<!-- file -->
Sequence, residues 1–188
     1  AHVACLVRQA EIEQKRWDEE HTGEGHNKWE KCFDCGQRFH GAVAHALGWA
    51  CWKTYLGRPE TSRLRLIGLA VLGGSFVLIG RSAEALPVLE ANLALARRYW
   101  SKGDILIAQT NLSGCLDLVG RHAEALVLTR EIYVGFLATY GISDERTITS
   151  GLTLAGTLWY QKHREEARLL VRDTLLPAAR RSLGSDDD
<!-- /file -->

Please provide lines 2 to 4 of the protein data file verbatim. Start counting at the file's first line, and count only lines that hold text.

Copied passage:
     1  AHVACLVRQA EIEQKRWDEE HTGEGHNKWE KCFDCGQRFH GAVAHALGWA
    51  CWKTYLGRPE TSRLRLIGLA VLGGSFVLIG RSAEALPVLE ANLALARRYW
   101  SKGDILIAQT NLSGCLDLVG RHAEALVLTR EIYVGFLATY GISDERTITS